This popular home security device is extremely popular. In this post, I will show you how Kevo smart lock can protect your home from burglars and thieves and cover some of its special features.
You will no longer struggle with losing your keys because of this Kevo Touch-to-Open Smart Lock. Your mobile phone is now your key to open your home. This device is powered with your mobile phone and Bluetooth letting you access your home.
The Kwikset Kevo 2nd Gen is a must-have device every homeowner should own. Kevo is both digitally and structurally protected. It employs various layers of encryption to enhance digital security, and independent digital security professionals constantly audit it. The lock also incorporates Kwikset’s patented New Advanced SmartKey technology, rigorously tested to meet the most stringent lock picking, key bumping, and physical security standards.
What we Liked
What We Didn’t
Features and Specifications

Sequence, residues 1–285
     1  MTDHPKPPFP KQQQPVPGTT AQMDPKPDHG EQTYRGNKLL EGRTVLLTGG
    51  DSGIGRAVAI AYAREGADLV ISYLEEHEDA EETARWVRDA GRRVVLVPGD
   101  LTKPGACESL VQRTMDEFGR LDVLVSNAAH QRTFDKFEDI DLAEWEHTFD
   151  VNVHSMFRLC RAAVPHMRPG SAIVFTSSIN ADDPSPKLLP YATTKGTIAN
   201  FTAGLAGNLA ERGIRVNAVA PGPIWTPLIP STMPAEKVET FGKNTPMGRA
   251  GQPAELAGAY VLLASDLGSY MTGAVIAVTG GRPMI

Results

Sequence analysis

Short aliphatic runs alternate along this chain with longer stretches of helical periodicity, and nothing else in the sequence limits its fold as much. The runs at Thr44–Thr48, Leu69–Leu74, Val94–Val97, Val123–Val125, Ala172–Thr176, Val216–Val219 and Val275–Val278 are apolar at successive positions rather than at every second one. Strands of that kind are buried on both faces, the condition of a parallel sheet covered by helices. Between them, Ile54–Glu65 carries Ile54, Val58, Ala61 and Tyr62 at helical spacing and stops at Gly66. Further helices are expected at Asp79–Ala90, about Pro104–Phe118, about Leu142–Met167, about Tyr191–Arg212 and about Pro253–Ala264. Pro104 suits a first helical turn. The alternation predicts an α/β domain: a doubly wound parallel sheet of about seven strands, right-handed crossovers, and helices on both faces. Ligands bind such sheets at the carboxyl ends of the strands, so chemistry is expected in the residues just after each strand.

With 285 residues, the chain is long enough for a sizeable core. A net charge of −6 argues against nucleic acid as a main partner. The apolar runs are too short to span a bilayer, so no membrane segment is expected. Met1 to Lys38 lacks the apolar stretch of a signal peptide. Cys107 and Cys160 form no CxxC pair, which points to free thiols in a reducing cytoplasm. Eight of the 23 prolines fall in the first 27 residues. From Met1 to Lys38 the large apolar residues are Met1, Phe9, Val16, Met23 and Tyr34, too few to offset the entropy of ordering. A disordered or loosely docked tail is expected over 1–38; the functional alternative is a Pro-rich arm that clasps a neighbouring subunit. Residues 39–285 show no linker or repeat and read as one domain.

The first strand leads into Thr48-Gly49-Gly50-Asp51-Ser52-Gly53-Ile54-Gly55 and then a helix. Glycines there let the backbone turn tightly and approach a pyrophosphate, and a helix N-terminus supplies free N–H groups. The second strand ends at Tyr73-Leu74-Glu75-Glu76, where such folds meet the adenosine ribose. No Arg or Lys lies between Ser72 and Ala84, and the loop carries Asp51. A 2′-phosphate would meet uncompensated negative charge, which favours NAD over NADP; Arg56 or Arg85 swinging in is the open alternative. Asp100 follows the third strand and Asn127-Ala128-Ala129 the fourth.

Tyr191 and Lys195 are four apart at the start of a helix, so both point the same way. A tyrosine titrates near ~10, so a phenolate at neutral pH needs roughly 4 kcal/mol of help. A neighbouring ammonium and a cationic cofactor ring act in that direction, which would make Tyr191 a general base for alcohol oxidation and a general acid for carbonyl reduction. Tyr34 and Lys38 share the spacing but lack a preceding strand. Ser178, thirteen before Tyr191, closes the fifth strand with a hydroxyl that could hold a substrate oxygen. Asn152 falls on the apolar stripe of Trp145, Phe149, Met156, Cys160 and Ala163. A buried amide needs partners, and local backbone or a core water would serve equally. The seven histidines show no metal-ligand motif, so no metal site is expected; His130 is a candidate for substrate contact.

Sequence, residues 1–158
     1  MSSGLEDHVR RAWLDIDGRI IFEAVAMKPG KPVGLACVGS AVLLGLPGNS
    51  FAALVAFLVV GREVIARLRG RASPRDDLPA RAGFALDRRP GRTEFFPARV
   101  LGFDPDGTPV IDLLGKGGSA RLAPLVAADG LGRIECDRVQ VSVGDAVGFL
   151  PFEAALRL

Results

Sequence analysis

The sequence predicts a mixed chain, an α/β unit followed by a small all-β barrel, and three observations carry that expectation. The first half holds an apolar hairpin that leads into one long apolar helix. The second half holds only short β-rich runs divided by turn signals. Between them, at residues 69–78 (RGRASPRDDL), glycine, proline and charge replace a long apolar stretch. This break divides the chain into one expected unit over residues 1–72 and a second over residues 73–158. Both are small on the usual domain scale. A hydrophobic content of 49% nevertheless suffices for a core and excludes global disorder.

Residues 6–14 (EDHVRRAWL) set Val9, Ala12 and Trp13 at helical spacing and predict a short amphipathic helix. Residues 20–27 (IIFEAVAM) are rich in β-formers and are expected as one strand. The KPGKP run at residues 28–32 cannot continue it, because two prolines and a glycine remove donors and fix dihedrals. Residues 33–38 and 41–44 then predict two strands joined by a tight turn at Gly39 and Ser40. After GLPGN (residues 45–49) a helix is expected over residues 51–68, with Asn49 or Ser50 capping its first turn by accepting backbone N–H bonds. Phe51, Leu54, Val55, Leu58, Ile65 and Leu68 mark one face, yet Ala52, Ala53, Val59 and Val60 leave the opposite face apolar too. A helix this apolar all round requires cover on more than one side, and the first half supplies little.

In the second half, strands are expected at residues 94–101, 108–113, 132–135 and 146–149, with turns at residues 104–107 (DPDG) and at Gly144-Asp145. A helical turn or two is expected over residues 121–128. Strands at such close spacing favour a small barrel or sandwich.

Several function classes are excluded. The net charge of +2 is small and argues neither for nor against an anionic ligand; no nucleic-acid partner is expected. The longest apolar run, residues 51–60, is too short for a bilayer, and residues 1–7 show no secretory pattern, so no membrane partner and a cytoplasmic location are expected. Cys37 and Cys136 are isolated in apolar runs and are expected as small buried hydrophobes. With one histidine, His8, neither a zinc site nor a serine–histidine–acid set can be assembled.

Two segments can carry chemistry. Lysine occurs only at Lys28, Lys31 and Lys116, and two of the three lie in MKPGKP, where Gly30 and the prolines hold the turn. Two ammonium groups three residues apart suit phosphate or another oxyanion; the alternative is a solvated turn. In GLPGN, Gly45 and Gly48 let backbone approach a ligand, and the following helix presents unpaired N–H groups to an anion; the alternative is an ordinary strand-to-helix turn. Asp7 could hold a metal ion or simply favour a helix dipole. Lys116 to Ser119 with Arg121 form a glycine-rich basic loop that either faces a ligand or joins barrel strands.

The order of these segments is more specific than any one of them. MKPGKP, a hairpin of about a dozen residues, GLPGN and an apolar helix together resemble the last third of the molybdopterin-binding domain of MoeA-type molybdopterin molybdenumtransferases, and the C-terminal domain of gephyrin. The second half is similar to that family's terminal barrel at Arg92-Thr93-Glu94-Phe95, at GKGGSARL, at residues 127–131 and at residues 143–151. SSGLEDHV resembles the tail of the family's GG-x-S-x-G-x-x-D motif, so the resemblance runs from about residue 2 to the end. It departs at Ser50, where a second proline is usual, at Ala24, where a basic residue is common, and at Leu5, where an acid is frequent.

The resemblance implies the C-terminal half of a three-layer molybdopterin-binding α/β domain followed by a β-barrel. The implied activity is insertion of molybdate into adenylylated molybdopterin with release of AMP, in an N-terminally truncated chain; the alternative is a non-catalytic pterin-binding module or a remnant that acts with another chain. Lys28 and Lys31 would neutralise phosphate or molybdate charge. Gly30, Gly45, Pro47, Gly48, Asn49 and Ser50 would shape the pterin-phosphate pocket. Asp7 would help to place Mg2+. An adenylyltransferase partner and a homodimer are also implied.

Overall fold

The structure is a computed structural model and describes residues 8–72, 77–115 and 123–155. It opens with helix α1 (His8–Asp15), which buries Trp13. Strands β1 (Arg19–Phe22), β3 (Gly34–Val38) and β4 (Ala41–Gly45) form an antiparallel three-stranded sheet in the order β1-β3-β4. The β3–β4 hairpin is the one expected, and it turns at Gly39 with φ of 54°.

You presumably lock and unlock your door daily, making your deadbolt an ideal match for replacement. If you go the smart method, you’ll be able to lock it wirelessly from your phone if you forget or give houseguests and repair personnel software access.
However, installing these devices is not as simple as plugging in a smart power outlet adaptor or swapping light bulbs. The setup is perhaps more complex, and the selected features are somewhat different. Also, keep in mind that these items aren’t cheap; most of them cost $200 or maybe more.
Installation and Design
The inner half of the entire Kwikset Kevo convert — the portion with the Bluetooth, the motorized lock-turning device, and the battery that powers it — is all inside the device. You won’t have the touch-to-open capability of the original Kevo, but you will get the same baseline features that you can operate using the same Kevo app.
The Convert has a clean, basic, though not spectacular in appearance. It’s slightly smaller inside than other smart locks from Yale and Schlage, but only by a few millimeters. It’s not quite as eye-catching as the August Smart Lock, which uses a similar modification approach, but it’s far from unsightly.
But, before you get started with the Convert, double-check that your door is smart-lock suitable. Here are some things to keep an eye out for: